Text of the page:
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The Happy Birthday song’s original lyrics were different

The Happy Birthday song’s original lyrics were different
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“Happy Birthday to You” was originally composed in 1893 as “Good Morning to All” by Patty Smith Hill, a kindergarten teacher and principal in Louisville, Kentucky, and her oldest sister, Mildred Jane Hill, a pianist and composer. Its lyrics went like this:

Good morning to you,

Good morning to you,

Good morning, dear children,

Good morning to all.

The Happy Birthday song had a deeper meaning

The Happy Birthday song had a deeper meaning

The song was part of a larger project of the sisters to create simple music that catered to children’s limited abilities. They workshopped songs on Patty’s class so that “even the youngest children could learn with perfect ease,” with Patty writing the words and Mildred setting them to melodies. They published “Good Morning to All” (GMTA) in their 1893 book, Song Stories for the Kindergarten. Just like us, the sisters loved simple, shareable sentiments.

Read on for the hidden health benefits music lovers wish you knew.

The origins of the song’s birthday lyrics are unclear

The origins of the song’s birthday lyrics are unclear
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It’s unclear where the birthday lyrics originated, but they appeared with the GMTA tune (unbeknownst to the Hill sisters) first in a piano manufacturer’s 1912 songbook, then in the Hall & McCreary Company’s The Golden Book of Favorite Songs in 1915 and in Robert H. Coleman’s Harvest Hymns in 1924, eight years after Mildred’s death. After The Birthday Song cropped up in the 1931 Broadway musical The Band Wagon and, two years later, the musical As Thousands Cheer, Patty and Mildred’s sister Jessica took legal action. In 1934 and 1935, with the Hill family’s blessing, the Clayton F. Summy Co. published and copyrighted all six versions of “Happy Birthday to You” (HBTY), crediting Mildred and Patty as the authors.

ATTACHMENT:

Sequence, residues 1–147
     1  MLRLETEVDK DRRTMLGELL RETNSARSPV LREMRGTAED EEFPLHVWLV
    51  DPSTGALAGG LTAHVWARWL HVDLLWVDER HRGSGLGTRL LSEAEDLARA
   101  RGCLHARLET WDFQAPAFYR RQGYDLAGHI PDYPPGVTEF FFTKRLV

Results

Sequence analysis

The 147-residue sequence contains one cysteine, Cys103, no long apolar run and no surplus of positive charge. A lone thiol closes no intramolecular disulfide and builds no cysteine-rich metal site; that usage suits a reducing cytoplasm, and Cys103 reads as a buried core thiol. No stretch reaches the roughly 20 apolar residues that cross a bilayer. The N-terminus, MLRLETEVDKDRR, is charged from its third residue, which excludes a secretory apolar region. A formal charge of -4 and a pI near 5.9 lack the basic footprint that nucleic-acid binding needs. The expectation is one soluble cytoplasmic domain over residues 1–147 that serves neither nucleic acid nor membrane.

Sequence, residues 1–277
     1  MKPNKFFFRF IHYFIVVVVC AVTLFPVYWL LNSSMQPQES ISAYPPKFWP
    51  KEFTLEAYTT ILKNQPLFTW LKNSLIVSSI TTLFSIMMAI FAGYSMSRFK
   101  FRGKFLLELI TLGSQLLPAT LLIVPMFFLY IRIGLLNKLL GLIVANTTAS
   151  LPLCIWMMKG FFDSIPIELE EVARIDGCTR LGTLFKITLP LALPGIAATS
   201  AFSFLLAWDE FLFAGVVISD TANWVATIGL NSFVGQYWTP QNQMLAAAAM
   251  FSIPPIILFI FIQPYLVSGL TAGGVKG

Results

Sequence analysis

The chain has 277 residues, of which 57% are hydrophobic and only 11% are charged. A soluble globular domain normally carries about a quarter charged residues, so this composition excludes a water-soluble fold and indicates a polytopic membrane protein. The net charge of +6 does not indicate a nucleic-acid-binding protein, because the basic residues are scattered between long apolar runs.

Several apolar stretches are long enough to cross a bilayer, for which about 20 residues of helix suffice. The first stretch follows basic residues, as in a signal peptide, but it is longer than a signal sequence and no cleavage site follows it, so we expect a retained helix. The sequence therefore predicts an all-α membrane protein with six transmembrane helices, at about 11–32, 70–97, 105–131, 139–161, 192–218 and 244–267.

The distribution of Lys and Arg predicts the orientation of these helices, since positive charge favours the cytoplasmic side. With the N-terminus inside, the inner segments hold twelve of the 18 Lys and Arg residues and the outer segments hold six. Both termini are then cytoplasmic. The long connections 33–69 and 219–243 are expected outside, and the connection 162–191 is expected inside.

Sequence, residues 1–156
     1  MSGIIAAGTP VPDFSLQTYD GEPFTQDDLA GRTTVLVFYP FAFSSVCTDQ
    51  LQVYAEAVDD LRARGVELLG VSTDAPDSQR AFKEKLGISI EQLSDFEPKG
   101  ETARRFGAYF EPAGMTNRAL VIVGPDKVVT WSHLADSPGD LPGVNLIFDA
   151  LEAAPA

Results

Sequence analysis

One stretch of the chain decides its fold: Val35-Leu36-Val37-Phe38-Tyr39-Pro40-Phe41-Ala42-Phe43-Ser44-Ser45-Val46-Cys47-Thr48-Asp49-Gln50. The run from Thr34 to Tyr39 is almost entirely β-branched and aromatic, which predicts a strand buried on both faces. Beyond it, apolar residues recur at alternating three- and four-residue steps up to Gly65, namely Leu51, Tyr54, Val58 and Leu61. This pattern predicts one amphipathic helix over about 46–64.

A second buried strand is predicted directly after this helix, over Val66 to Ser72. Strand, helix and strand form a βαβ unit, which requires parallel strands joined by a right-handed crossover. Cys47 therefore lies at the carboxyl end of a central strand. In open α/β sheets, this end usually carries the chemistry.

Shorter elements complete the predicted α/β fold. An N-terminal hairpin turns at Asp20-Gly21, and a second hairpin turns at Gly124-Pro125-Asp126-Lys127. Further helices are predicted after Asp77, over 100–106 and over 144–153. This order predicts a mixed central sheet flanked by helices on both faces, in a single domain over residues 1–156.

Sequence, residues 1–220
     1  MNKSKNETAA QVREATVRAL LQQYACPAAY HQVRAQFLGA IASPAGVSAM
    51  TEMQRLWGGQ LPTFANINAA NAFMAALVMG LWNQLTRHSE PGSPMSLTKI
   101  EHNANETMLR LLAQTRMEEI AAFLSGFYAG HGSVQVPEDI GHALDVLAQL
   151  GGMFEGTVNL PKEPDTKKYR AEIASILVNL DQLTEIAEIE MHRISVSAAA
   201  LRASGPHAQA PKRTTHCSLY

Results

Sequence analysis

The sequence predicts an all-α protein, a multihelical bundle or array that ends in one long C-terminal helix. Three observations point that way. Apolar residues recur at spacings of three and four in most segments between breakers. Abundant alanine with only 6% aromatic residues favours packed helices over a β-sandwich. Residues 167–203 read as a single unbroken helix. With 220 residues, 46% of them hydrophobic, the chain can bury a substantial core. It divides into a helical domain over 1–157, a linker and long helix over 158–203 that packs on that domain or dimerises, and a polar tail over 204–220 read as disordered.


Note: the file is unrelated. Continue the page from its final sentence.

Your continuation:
Check out these great songs almost ruined by their original titles.

According to some scholars, the Happy Birthday song’s tune may be derivative of other 19th-century works

According to some scholars, the Happy Birthday song’s tune may be derivative of other 19th-century works
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Scholars have drawn comparisons between GMTA and piano company founder Horace Waters’ “Happy Greetings to All” (1858), as well as “Good Night to All” (1858), “A Happy New Year to All” (1875), and others.

Legal battles raged over the Happy Birthday song’s ownership

Legal battles raged over the Happy Birthday song’s ownership
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For years, legal battles raged over the Hill sisters’ ownership of the Birthday Song and whether or not it should be in the public domain. A 2013 class-action lawsuit initiated by a New York filmmaker challenged the song’s copyright and demanded that the current copyright owner return all previous royalties it had collected for HBTY. In May 2015, US District Judge George King was still hearing arguments for Good Morning to You Productions Corp vs Warner/Cahppell Music.  In February 2016, Warner Music finally ended the long-fought battle when it paid US$14 million to put “Happy Birthday” into the public domain. In June of the same year judge approved it.